Rather than acknowledge that the experts on whom they rely had badly misunderstood the problems facing the economy, the Post just acted as though nothing had changed. “Everyone agrees we need stimulus.” Isn’t that simple?
This refusal to acknowledge fallibility stems from the same sort of anti-democratic impulse displayed by the Soviet-era press. Just as the Soviet press wanted the public to trust the wisdom of the party bosses, the Post and other pillars of the elite media want the public to believe that the experts who are the insiders on the decision-making process in Washington are uniquely qualified to craft policy.
Quite right. This reminds me of the debate several months ago about the “foreign policy clerisy”, one facet of which investigated whether the foreign policy clerisy was unique or simply one of several communities of experts who essentially controlled the parameters of policy discussion. I leaned pretty heavily towards the latter position, and Baker seems to agree:
Of course this is true for all areas of public policy, not just economic policy. Does anyone who failed to recognize that invading Iraq would lead to a long and costly occupation deserve to be viewed as an expert on Middle East policy? But the Post and other elite media outlets perform a beautification process whereby even the most enormous mistakes are conveniently swept under the rug.
Misunderstanding the economy’s weakness earlier this month is trivial compared to the much more grandiose mistake of failing to recognize the $8 trillion housing bubble, or before that, a $10 trillion stock bubble. If performance mattered, then the experts who got things so hugely wrong would no longer be the ones shaping public policy. Instead, with the Washington Post style beautification process, experts can jump from policy disaster to policy disaster and never have their failures affect their standing.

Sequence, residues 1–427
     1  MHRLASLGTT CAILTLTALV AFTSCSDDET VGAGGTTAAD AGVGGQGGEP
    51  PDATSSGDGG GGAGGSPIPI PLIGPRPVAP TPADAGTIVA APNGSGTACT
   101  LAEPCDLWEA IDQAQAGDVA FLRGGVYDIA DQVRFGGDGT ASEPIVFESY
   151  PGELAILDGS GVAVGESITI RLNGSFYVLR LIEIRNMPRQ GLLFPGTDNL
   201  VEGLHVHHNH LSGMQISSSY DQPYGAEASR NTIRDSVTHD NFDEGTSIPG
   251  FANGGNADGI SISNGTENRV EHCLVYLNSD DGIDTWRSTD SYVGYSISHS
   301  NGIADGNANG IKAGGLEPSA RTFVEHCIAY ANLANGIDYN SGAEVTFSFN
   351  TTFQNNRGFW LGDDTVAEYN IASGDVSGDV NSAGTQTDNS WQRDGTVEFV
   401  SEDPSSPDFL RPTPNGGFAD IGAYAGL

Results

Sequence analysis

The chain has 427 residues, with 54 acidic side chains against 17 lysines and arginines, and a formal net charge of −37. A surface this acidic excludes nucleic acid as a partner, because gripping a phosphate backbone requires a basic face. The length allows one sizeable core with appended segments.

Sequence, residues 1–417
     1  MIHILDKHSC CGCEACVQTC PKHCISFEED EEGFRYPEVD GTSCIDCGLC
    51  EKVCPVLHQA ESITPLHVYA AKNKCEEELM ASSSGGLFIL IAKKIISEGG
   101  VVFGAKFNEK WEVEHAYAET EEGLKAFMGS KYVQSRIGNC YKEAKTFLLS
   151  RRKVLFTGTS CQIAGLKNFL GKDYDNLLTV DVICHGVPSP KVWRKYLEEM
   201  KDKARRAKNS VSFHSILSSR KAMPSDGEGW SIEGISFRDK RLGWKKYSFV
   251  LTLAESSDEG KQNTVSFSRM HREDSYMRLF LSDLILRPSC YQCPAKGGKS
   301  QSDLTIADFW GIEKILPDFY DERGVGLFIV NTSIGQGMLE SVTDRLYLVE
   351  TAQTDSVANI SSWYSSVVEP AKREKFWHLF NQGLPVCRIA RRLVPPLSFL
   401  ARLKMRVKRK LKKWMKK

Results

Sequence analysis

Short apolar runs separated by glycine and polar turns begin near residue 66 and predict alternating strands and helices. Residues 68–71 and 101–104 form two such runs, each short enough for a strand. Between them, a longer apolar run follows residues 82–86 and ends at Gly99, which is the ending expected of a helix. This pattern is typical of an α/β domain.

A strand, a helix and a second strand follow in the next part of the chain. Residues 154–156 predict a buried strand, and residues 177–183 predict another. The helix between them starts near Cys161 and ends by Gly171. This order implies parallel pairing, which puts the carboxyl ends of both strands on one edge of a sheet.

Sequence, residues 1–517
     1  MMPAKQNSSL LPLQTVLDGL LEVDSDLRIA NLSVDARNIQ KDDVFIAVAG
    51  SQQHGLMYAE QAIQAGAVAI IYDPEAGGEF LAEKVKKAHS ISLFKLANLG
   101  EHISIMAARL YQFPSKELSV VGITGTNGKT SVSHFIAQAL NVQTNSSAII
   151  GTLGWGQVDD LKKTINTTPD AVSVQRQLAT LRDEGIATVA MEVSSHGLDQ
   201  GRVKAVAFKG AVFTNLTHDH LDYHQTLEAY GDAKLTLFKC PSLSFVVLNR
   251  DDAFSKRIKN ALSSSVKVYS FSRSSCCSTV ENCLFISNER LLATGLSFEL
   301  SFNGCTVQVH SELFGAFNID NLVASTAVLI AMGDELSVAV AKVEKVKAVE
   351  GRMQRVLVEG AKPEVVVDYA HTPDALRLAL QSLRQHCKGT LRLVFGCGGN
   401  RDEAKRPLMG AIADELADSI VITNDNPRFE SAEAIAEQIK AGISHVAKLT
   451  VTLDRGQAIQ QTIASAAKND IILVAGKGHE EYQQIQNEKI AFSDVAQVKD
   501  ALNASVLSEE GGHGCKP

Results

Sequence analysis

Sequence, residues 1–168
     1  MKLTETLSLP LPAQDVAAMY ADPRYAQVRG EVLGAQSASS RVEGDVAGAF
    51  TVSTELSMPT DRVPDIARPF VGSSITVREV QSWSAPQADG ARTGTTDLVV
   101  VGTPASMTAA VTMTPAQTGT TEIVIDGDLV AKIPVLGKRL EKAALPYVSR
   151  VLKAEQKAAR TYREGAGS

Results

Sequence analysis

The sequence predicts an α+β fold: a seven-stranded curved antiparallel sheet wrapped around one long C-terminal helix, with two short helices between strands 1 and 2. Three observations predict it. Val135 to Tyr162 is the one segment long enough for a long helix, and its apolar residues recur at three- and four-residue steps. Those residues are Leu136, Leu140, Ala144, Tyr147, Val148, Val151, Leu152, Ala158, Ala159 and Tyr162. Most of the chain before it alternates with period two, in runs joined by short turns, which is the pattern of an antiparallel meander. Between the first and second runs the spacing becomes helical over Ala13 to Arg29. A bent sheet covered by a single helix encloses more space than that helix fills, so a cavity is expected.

If we are ever to have an open debate on economics, or any other area of public policy, we will need media that honestly discuss policy failures and that hold those in charge accountable. In the current situation, the economic disaster facing the economy was entirely preventable, but the Federal Reserve and the rest of the inside crew were either too incompetent to recognize the housing bubble or felt the short-term benefits outweighed the costs that the country would inevitably face when the bubble burst. The Post and most other major news outlets chose to hide any serious debate on the problems posed by the bubble on the way up, and they would like to prevent any discussion of this massive policy failure even in retrospect.
In a related development, Matt Duss and I are currently working on a project that investigates the origins of the foreign policy clerisy, and includes some musings about its coming collapse. We’ll keep you updated.